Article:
Kaufmann: “We were allowed to go into Qui Nhon, the town, but we were warned that it was a risky situation. Of course, we would wear civilian clothes, but it’s pretty obvious you’re not Vietnamese, even in civilian clothes. Our bases were protected in the sense we were not in Qui Nhon, in the town — we were across the bay. The only access would be by boat to our bases. But there was a time, three months into my first base, that we were infiltrated by three suicide (Viet Cong). You know, they might have been sympathizers, but they infiltrated our perimeter, and I was in my quonset hut with about 25 others. It was 3 in the morning, and all of a sudden, a VC stood in our doorway of our hut with a machine gun. Everyone that stood up was either injured or killed. I laid flat. I didn’t get up. Between that maneuver and God’s will, I didn’t get hurt.

“There was someone across the street. We didn’t have bathrooms in the quonset huts. We had to go across to the building. There was a fellow who was sitting on the toilet, and he was killed instantly. There were three of them, and we had about five huts.

“What transpired after that? They called the army helicopters from Qui Nhon, who came within seconds actually, it seemed like, and shot rockets at them because they knew (the suicide shooters) were escaping; the ones who could escape. The one in my hut, it took 30 rounds to put him down. They were definitely on some kind of drug to fortify their bravery. They knew that they weren’t going home. The other two escaped up the hillside, which was heavy brush. We were told to get out of the hut and stay low against the bottom of the hill. The helicopters did their rockets right over our heads. I’ll never forget that.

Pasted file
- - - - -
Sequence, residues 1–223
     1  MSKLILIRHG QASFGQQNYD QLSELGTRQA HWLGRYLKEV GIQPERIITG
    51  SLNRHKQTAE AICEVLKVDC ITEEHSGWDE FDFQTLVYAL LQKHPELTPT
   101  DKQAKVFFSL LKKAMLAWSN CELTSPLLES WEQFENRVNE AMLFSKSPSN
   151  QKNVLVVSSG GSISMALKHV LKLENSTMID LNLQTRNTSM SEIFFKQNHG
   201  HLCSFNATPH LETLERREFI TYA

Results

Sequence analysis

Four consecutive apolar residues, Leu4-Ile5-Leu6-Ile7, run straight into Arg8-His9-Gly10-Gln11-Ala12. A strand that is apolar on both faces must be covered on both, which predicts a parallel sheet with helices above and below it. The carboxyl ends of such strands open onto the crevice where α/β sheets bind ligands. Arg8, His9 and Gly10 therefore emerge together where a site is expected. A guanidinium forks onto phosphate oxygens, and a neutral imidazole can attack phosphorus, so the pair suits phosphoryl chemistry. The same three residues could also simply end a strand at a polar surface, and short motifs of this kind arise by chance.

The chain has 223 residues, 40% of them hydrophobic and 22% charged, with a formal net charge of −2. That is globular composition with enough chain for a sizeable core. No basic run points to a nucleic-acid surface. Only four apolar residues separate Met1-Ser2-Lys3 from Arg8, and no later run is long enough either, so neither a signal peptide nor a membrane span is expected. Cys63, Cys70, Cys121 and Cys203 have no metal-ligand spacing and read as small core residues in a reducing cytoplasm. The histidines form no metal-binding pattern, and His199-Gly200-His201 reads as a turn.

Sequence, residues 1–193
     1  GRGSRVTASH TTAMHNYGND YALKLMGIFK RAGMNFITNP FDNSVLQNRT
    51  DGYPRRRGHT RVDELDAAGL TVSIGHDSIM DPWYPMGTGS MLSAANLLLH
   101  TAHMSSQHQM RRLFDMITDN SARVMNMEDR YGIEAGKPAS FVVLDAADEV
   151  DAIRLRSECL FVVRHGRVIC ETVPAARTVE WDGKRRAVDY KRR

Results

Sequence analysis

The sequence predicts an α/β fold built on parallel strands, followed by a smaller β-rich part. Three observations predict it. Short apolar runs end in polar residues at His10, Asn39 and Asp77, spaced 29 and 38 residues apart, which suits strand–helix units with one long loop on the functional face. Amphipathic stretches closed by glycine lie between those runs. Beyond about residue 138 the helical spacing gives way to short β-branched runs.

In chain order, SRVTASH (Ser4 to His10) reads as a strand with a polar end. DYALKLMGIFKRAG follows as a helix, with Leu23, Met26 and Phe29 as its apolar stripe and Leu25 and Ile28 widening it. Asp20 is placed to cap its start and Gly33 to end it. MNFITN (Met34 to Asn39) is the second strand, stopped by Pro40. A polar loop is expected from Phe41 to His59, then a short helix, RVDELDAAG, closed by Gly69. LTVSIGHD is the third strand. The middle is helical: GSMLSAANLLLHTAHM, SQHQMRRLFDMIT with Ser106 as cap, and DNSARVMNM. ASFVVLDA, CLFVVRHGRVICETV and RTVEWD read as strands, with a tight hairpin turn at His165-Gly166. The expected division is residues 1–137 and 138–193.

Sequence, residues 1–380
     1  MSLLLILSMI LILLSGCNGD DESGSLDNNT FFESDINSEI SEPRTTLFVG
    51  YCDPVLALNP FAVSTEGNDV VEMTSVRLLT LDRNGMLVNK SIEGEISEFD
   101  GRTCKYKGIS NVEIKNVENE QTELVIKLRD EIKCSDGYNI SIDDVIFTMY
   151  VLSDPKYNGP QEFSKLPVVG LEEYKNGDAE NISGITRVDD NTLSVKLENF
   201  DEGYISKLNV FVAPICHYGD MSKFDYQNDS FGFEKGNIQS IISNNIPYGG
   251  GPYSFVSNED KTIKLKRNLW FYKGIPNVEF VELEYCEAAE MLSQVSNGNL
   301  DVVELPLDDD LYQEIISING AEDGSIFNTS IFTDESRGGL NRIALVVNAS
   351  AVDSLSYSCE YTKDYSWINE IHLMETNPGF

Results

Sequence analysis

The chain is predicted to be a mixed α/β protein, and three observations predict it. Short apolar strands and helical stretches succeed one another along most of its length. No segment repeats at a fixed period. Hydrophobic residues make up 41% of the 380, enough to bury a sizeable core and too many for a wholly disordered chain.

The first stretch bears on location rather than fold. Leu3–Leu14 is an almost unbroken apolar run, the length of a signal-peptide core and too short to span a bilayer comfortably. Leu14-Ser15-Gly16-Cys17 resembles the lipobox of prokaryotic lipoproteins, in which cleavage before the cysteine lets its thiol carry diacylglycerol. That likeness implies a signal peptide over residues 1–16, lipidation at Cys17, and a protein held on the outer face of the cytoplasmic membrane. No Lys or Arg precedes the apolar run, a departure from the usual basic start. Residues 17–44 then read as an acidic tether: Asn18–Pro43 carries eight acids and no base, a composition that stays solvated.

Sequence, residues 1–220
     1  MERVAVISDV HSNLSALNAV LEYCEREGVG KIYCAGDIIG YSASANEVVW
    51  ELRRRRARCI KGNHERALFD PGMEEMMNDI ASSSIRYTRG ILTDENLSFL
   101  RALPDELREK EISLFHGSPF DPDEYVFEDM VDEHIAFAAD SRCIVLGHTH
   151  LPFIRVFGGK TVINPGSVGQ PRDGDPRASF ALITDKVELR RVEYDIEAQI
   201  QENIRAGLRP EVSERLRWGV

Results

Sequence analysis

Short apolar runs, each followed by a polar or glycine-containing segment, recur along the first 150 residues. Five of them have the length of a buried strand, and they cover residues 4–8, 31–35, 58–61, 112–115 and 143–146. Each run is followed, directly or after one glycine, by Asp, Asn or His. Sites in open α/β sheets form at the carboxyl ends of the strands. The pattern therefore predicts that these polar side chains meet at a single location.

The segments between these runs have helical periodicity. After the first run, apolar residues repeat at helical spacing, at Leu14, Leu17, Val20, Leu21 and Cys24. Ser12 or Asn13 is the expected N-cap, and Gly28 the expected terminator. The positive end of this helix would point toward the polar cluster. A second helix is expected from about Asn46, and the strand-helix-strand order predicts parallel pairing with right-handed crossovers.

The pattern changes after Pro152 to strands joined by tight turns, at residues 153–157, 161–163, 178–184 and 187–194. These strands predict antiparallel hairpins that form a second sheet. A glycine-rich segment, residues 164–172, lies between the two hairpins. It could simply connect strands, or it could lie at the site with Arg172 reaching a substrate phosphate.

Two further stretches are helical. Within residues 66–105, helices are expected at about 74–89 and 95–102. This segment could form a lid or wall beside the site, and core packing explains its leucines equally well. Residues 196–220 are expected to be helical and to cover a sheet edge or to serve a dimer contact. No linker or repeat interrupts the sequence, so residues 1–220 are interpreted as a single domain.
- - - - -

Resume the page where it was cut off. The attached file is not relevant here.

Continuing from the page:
“We slept in a bunker on the beach instead of a hut for the next few nights. I had an offer to go up to the radar base, which there was no way you were going to infiltrate that base. There was no brush around. It was a safer place, so I thought it might be interesting to do that. It was during that time I got to drive a “five by” truck, which was very interesting because it would run on any kind of combustible fuel. It had a special kind of carburetor. You could run it on kerosene, gasoline, diesel, jet fuel, anything combustible it would accommodate.”

Gazette: Let’s go back to the suicide shooting. It’s 3 in the morning. How do you make sense of what is going on?

Kaufmann: “I guess I was just in shock. I can hear people saying, ‘I’m hit.’ Something told me to stay flat because you’re less of a target.”

Gazette: I imagine the next couple nights the sleep doesn’t come easy.

Kaufmann: “Ooh, no. But thank God I don’t have any issues with (post traumatic stress disorder) or anything like that. It was just a one-time occurrence, compared to those poor infantry guys who had it every day.”

Gazette: When you’re laying low and you have helicopters firing rockets right above you, that must be extremely loud.

Kaufmann: “Extremely terrifying. Oh, am I going to get a rocket? They’re good shots. They know what they’re doing.”

Gazette: Does anything prepare you for that experience?

Kaufmann: “No. I guess maturity a little bit was on my side in that I was older than most of the guys.”

Gazette: Does maturity play a role? You were 23. You weren’t ancient by any stretch, but you were five years older. In those situations, do you think that five years make a difference?

Kaufmann: “I think so. Being so thankful to God, saving my life.

Vietnam Voices: Video Playlist

Vietnam veterans talk about their experiences in the Billings Gazette studio.